Five years is about 10 lifetimes in Las Vegas. So it’s more than a little noteworthy that First Friday, downtown’s monthly funky, organic arts movement, is celebrating its fifth anniversary tonight.
It’s one part Bohemian scene, one part strolling happy hour with enough interesting artwork, music, food and drinks to keep just about everyone smiling. The emphasis is on “cutting edge” art, according to the First Friday Web site, but you’ll have to develop your own opinion on that. My artistic tastes are pretty tame.
For me, by far the best part of First Friday is the people- watching possibilities. There’s a playful San Francisco feel to the scene, which centers around the Arts Factory galleries at 107 W. Charleston Blvd. in an area that once was known for used-furniture stores, taxi yards, and a pest control business that featured super-sized roaches.
To say the blossoming of the arts district is a vast improvement is an understatement. Even the establishment is getting into the act. Tonight’s festivities, which begin at 6 o’clock, are sponsored by no less than the Las Vegas Convention and Visitors Authority.
I’m looking forward to checking out the Las Vegas News Bureau photo exhibit of our entertainment history, as well as an exhibit of charcoal drawings titled “Film Noir” by Susanne Forestieri.
Did I mention the crowd is also a hoot?
The Holsum Design Center just up Charleston has plenty going on, and two outdoor stages will feature live music. I have no idea whether Makayla Nikol of Orange County and her “urban pop” recording artistry will shake up downtown, but I plan to find out.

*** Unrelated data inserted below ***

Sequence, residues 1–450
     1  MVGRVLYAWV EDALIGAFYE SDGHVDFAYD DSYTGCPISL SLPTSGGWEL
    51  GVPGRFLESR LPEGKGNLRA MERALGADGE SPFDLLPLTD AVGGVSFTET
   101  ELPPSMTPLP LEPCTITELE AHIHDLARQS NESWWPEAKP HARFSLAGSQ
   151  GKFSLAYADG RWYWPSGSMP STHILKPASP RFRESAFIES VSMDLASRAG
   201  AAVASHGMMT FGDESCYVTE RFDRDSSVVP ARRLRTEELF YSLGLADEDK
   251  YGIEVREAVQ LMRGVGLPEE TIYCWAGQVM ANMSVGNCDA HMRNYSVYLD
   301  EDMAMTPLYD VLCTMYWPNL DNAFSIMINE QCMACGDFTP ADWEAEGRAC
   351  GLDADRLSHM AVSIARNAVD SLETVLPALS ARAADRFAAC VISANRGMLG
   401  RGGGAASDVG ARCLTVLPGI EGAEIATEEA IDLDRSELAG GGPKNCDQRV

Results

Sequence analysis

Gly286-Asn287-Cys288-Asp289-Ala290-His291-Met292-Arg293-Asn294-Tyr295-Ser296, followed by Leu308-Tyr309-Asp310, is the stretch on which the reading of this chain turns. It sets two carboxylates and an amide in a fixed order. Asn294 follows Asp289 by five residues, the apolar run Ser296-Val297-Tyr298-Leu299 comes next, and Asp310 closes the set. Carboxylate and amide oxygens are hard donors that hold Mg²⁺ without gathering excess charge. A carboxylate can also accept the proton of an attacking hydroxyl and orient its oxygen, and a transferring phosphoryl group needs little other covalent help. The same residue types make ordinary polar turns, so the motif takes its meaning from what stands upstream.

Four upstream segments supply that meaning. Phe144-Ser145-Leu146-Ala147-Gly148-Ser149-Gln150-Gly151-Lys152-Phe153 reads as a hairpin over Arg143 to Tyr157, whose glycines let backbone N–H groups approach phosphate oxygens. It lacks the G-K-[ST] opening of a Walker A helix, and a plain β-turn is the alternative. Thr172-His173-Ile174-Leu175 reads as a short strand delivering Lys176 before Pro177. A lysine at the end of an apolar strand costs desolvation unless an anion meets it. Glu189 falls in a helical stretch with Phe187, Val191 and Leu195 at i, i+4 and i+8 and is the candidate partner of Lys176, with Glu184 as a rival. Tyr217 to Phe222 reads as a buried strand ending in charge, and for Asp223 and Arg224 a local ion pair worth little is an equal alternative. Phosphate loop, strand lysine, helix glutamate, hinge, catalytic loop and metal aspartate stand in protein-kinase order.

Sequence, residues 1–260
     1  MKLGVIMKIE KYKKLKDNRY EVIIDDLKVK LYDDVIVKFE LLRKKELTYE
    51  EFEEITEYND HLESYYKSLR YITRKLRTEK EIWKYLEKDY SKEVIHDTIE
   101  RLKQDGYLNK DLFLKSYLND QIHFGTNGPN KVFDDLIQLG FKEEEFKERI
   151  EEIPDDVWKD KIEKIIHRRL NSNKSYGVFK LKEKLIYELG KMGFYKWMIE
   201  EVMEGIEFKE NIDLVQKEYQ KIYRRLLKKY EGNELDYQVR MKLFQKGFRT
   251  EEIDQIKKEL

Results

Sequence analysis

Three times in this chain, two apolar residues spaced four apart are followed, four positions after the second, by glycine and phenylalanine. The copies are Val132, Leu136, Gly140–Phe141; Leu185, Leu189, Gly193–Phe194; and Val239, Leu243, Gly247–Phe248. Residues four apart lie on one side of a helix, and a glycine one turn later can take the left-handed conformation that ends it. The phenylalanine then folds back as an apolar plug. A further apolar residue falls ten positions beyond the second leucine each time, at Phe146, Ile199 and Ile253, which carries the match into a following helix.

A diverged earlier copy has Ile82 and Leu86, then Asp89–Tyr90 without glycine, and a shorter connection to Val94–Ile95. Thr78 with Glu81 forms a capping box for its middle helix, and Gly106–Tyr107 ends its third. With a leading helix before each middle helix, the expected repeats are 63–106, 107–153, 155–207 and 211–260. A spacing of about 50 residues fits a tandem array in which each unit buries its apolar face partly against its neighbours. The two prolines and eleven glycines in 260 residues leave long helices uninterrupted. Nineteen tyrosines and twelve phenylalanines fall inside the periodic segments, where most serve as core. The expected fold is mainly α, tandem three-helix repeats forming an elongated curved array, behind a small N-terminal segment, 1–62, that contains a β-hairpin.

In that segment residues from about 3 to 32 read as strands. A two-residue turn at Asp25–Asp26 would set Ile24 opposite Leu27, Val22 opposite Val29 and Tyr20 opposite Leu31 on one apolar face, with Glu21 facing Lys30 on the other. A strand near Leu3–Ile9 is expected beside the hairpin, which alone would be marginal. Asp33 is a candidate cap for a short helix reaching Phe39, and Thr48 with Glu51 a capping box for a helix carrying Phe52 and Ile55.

If this doesn’t sound like the usual Las Vegas experience, well, that’s the whole point. First Friday is more of a living poem than a business plan.
The fact it has survived this long on those mean streets is a testament to the resilience of those who have staked their hearts, souls and wallets on it.
CALLING ALL SAINTS: For more than 34 years, the All Saints Day School at 4201 W. Washington Ave. has been an oasis and safe haven for children. Unfortunately, it appears that is about to change.
Officials have been notified that because of falling enrollment and a financial crunch, the school will be forced to close Oct. 19. The school’s director, Dyan McCarthy, said she hopes the dedicated staff can hold out until December to give parents time to find alternative venues and teachers a chance to search for other employment. The school is associated with the All Saints Episcopal Church.
“It’s just so horribly soon,” McCarthy said. “If we could just honor the school in some way. Basically, we are suffering from a severe lack of enrollment (just 58 students), and it’s coming to the point where we can’t meet our bills.”
Although the current bills add up to just $11,000, she reports that the school is forecast to lose approximately $6,000 a month as parents hurt by a downturn in the local economy cut back.
The small staff includes three teachers with 20 years or more at the school, McCarthy said. The staff has agreed to accept pay cuts to reach the December goal and proper closure.
It’s also true that the neighborhood has changed over the years. There aren’t as many families in the area who can afford day care, McCarthy said.
ON THE BOULEVARD: Sorry to see Cathy Ray leave KTNV-TV, Channel 13, for medical reasons. She brought class and consistency to the newscast. … Former Strip professional arm candy Janie McCormick’s “Breaking My Silence: Confessions of a Rat Pack Party Girl and Sex Trade Survivor” looks like a juicy read with a compelling moral to the story. … Do you mean to tell me Station Casinos’ super-sized buyout by Fertitta Colony Partners has pleased almost everyone involved? That’s not what I’m hearing, but the complaints are coming pretty late in the $5.4 billion game. … Matt O’Brien signs his book “Beneath the Neon” at 7:30 p.m. Oct. 11 at the Reading Room inside Mandalay Place. … Paging Jay Leno: Not to end on a down note, but the National Funeral Directors Association International Convention & Expo starts Sunday at the Las Vegas Convention Center.
Have an item for the Bard of the Boulevard? E-mail comments and contributions to Smith@reviewjournal.com or call 383-0295.JOHN L. SMITHMORE COLUMNSDiscuss this column in the eForums!